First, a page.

Updated on March 22, 2022
Pliers are the most essential piece of gear that doesn’t help you catch fish. We’ve all heard the saying, “the right tool will make any job easier” and this is especially true for fishing pliers. Anglers use pliers for so many tasks from unhooking fish to rigging lines and because of their utility manufacturers now make a variety of specialized pliers that are better for doing certain tasks. To help you sort through all of the options, here are the top five fishing pliers you should have on your boat.
Needle nose pliers or “long nose pliers” might be the most useful hook removal device ever created. Long narrow pliers really shine when unhooking fish that are hooked deep, have small mouths, or are delicate and require a more gentle approach. While these pliers are great at removing hooks the extra length reduced clamping strength and makes them less useful for preparing lines. Long pliers are a go-to for any angler when they need finesse and are an asset to any tackle box.
Short pliers are robust and offer significant clamping strength which is perfect for heavy tackle. If you are working with fish that are large, toothy, or have a strong jaw, short pliers are your best bet. When using heavier gear the clamping strength of these short pliers can free up a stubborn hook and even help crimp rigging. Avoid using short pliers on delicate fish because it can easily cause serious damage to their mouths. Short pliers are also essential to any tackle box as it allows anglers to better-manipulated tackle and free heavier hooks.
Curved pliers are a variation of long pliers but with a bend for perfect positioning. The bend makes it easy to grab a hook and work it free from just the right angle. This curve also allows anglers to bend or wrap wire when preparing leaders. These pliers also have a wire cutter near the base which comes in hand for toothy fish. These pliers are not necessary for all anglers but they are nice to have when you need them.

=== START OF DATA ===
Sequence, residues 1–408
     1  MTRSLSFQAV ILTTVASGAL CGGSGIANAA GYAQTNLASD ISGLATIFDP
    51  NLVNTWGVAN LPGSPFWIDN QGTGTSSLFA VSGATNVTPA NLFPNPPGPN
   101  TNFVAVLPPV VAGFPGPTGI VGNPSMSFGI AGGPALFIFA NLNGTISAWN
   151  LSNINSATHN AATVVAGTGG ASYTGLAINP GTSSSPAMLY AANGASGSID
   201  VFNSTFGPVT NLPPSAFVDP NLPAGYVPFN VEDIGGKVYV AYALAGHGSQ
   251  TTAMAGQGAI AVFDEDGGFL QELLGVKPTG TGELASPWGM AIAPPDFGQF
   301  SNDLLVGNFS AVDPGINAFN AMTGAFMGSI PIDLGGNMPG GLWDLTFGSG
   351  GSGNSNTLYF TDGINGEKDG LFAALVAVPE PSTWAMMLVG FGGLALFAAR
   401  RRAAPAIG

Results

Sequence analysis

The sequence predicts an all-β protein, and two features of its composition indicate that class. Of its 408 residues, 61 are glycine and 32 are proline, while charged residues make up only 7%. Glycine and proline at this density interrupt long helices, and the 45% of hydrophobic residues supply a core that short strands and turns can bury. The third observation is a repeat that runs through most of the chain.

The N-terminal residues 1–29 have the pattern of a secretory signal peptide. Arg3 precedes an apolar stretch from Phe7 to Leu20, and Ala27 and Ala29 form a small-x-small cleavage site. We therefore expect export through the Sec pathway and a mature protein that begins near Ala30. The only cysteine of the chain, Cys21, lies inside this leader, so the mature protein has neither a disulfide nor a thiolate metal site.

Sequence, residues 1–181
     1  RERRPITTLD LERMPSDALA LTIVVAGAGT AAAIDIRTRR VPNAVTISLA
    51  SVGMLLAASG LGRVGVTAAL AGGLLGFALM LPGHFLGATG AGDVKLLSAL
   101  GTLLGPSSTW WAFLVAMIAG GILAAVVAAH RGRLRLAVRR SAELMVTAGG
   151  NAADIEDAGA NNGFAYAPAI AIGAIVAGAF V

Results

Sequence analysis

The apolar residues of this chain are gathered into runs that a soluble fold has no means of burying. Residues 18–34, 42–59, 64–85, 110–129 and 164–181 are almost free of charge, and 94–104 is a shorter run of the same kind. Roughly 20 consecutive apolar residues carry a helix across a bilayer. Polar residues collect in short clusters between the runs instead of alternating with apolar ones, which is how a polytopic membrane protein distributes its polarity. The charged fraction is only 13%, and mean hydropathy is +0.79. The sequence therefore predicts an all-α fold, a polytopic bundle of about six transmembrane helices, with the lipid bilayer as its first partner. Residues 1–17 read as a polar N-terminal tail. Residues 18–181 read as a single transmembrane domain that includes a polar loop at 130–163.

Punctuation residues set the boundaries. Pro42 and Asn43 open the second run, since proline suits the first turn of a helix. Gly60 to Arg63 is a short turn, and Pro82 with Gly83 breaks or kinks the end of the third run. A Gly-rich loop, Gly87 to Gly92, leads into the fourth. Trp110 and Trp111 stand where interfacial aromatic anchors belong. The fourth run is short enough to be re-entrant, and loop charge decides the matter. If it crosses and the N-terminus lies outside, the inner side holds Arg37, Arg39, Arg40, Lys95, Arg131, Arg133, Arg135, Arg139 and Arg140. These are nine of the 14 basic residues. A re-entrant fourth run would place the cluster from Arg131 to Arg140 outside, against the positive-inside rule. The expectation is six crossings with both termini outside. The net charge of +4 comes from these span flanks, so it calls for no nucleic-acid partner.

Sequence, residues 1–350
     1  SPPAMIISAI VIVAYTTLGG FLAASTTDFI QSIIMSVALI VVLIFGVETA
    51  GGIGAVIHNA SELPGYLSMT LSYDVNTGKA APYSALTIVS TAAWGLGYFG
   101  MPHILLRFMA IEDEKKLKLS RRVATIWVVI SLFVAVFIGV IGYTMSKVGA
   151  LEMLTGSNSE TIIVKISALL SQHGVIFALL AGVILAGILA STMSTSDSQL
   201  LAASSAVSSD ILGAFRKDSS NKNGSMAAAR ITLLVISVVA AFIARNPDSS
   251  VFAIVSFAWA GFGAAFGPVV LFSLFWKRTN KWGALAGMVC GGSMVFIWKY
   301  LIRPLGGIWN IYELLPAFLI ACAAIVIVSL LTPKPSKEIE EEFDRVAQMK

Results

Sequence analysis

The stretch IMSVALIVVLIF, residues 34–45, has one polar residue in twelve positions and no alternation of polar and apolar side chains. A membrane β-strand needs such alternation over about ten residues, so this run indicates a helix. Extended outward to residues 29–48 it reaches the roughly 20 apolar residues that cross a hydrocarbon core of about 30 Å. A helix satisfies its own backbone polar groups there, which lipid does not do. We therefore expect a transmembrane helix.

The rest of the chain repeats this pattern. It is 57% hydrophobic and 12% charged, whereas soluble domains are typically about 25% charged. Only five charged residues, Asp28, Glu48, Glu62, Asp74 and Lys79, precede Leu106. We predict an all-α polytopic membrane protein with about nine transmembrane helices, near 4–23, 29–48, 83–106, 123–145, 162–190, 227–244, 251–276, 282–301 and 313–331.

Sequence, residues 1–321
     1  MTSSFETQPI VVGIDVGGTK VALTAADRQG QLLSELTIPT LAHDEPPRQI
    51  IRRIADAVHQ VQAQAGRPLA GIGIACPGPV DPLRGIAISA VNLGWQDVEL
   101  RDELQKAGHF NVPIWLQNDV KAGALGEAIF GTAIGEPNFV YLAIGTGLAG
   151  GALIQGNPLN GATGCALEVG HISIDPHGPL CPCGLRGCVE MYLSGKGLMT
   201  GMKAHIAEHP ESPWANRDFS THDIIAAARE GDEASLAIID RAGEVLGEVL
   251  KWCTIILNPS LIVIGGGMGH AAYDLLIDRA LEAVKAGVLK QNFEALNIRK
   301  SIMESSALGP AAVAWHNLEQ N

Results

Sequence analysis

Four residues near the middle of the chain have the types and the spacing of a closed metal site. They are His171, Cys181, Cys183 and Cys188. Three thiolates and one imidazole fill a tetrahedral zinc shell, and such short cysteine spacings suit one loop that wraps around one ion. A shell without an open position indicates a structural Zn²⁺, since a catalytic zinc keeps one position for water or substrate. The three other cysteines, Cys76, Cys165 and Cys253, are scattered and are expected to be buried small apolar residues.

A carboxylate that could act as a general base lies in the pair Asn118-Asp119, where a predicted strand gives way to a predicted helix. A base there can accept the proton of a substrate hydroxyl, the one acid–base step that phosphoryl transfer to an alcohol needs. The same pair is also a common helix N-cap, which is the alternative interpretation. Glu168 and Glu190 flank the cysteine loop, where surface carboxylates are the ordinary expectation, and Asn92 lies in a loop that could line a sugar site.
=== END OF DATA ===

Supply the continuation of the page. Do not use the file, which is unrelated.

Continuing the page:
Small pliers have many of the advantages of long pliers when it comes to being gentle and working in tight spaces. The biggest advantage of small pliers is they are easy to keep on hand and are useful for most fish. Having pliers is better than not having pliers and many models of small pliers can easily fit in your pocket. A negative of having small pliers is they lack strength which would come in handy when attaching weights or swapping hooks. While the other pliers are ideal for most situations you find yourself in these pliers are not essential but they are handy.
Rigging pliers have the most clamping force on the list which is used for setting up lines and other rigging. These pliers are perfect for making leaders with line crimps or cutting and twisting wire. While some rigging pliers have jaws capable of removing hooks this isn’t its strong suit. These pliers are not necessary for most freshwater anglers but if you are heading offshore or targeting large fish, these pliers are worth their weight in gold.